On the subject of multi-layered protection, it’s important not to overlook your device when thinking about security. We’re all guilty of putting off those nagging software updates because we’re ‘too busy’ or ‘in the middle of something’, but what nobody likes to admit is that those updates are there for a reason. They exist to patch security holes that, sooner or later, hackers are going to start exploiting.
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It’s especially important to keep an eye on your software patches if you’re using a personal device, as there’s a good chance that your company’s IT department won’t have any way to remotely install updates. That means it’s your responsibility to make sure you’re not at risk. It’s a good idea to set your operating system to automatically download and install updates wherever possible, and there are also third-party software tools that can help you keep track of any outstanding patches for your installed apps.
“Remote Monitoring and Management (RMM) tools are the answer here,” Thornton-Trump says; “they’re easy to deploy and easy to use. The primary use is to keep those employee- owned devices up to date and deploy a centrally-managed antivirus or EDR solution. The secondary role is to allow IT staff to assist an employee to troubleshoot corporate access to corporate systems. Managed Service Providers (MSP) have been doing this for years, providing support for disparate systems running uncommon configurations in all kinds of different networks.”
Corporate networks are usually guarded by a battery of different monitoring and protection technologies to ensure that no unauthorised snoopers are lurking on them, but sadly most of our home broadband networks aren’t quite so well-defended. An unsecured network can allow an attacker to intercept and tamper with communications going across it, but there are ways to prevent this. Changing your router’s default access credentials is a good first step, as these are often freely available from the manufacturer’s website. A VPN service can help protect against anyone trying to spy on your network traffic, and is also useful for those of us who may prefer to get out of the house and work from a cafe or coffee shop. Your router may even have built-in security features included as standard - if so, you may as well switch them on for additional protection.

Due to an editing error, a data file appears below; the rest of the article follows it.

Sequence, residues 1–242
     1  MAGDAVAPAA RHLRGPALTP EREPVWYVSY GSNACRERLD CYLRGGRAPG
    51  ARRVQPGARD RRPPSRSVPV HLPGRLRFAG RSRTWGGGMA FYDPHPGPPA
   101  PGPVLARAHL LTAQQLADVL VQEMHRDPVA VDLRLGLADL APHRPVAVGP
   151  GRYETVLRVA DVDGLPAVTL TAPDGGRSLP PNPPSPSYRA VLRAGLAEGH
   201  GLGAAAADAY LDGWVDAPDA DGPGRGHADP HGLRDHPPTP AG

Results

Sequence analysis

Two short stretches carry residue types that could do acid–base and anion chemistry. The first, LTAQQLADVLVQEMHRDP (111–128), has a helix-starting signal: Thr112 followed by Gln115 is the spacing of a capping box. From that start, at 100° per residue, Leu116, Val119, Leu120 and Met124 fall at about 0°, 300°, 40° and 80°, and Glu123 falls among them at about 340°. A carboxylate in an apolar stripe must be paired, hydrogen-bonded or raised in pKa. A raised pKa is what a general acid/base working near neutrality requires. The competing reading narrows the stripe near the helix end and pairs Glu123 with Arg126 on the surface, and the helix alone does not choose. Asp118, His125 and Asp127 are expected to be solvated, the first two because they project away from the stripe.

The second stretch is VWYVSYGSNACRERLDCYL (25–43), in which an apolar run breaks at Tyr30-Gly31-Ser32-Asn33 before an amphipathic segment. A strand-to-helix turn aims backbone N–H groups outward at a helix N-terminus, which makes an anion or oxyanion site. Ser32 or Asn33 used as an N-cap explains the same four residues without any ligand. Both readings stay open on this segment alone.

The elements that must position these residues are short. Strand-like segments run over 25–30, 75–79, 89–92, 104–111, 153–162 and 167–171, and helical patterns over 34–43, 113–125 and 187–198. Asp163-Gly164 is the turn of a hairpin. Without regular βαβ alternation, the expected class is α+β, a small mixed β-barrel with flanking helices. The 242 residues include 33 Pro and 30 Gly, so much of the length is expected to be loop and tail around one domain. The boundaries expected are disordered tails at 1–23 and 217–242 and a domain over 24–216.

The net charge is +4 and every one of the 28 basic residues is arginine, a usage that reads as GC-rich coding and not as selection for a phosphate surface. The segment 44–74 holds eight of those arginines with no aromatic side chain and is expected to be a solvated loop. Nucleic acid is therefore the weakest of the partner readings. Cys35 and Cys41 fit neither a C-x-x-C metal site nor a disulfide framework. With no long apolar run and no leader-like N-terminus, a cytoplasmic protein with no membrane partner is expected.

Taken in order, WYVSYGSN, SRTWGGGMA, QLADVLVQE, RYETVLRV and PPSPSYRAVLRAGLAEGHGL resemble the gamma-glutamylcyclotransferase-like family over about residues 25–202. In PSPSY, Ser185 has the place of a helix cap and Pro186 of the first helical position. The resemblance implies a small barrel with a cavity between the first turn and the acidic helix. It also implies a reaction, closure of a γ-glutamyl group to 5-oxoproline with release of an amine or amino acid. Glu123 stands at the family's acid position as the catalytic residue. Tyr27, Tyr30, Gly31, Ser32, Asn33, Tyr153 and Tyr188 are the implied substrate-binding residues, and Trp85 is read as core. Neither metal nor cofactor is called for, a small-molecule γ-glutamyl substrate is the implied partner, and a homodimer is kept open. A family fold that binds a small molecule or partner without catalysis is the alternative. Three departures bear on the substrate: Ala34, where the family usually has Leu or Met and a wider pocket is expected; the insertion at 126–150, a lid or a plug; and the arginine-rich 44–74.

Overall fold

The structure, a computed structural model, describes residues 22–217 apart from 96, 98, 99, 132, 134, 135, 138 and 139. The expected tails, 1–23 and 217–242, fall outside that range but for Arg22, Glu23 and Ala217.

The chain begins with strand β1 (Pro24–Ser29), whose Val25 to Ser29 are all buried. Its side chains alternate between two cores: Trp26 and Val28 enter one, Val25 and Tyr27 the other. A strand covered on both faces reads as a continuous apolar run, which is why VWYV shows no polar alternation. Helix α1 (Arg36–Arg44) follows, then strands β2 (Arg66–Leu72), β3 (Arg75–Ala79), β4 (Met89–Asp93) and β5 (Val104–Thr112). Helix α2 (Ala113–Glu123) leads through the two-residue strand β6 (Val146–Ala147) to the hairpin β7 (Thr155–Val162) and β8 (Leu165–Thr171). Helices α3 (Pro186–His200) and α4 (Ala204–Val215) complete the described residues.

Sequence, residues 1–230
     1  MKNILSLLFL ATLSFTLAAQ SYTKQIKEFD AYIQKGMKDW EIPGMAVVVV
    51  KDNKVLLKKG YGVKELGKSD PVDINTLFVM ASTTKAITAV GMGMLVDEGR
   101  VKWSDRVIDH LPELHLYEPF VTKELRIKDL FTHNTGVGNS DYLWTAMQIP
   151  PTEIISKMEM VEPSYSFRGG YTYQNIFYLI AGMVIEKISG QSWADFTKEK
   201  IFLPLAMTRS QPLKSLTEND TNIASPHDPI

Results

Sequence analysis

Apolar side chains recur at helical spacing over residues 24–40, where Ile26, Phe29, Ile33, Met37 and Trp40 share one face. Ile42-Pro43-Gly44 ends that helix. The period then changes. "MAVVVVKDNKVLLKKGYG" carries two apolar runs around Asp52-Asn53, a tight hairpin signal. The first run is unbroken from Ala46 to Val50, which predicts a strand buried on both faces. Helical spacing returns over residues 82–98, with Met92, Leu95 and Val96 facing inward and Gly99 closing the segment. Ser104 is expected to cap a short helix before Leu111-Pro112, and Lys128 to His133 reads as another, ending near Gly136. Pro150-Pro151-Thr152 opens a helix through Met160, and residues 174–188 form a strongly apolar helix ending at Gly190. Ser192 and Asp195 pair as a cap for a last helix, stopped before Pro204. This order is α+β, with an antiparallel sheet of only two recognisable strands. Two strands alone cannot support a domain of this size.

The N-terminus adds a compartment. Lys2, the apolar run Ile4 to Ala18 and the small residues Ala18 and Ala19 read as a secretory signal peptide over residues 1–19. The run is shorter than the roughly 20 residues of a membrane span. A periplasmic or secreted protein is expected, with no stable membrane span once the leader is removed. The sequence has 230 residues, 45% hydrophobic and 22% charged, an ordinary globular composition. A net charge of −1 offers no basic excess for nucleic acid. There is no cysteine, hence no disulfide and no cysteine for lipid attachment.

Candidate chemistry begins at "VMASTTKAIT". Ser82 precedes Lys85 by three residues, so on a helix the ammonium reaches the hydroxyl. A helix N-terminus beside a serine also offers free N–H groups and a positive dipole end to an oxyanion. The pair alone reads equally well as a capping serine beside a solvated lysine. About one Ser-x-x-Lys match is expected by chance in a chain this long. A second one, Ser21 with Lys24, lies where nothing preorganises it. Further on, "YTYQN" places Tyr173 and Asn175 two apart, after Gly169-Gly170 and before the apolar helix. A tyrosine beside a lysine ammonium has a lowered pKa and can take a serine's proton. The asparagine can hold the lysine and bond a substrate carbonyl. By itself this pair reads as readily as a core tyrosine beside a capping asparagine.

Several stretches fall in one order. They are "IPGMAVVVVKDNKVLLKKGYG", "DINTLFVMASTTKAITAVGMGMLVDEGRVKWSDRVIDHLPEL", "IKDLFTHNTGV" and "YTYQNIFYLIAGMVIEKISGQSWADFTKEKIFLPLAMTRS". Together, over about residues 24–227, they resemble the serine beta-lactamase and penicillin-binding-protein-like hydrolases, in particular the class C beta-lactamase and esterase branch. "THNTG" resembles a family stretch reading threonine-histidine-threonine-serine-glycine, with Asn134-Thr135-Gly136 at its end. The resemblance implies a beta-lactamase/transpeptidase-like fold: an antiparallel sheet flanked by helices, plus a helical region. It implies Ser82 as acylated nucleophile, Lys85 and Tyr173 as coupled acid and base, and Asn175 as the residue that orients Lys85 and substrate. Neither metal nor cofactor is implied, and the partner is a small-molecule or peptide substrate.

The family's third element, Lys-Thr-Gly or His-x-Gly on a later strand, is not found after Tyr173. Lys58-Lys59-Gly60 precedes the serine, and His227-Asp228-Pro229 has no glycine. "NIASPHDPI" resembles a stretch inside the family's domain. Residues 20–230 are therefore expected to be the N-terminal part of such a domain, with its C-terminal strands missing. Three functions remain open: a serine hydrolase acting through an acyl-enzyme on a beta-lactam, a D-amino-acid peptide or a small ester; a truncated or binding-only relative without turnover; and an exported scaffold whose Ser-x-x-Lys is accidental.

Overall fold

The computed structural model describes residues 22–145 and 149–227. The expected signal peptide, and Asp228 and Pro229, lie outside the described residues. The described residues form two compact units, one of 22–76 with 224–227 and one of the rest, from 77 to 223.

While we’re on the subject, it’s a good idea to deploy antivirus software on any machines that are used for work tasks (and ideally all of your devices in general). There are a number of capable free solutions which will work well, including Windows Defender. Whichever tool you prefer, make sure to schedule regular scans in order to maintain ongoing levels of protection.
Finally, it’s very important that staff are aware of the organisation’s internal policies and procedures, particularly around data sharing and security. Make sure that clear, documented guidelines are available for all employees, with refresher training if necessary; this will help staff stick to best practices. Similarly, staff should feel comfortable contacting the IT department if they have any questions or concerns around security issues. If employees think they may have identified a security risk, they should be able to notify the IT team as easily as possible.
Drop-in support sessions can be useful for building rapport between IT staff and employees, as can dedicated communication channels in corporate collaboration apps like Slack and Microsoft Teams. The key is to make sure that workers have an easy way to contact IT if they feel unsure about anything, and that they are encouraged to do so.
The current situation is a big adjustment for many of us, particularly those of us that haven’t experienced remote working in any sustained capacity, but just because we’re outside the office doesn’t mean that we can’t be secure. By following these tips, you can help protect yourself and your organisation from cyber threats while working from home.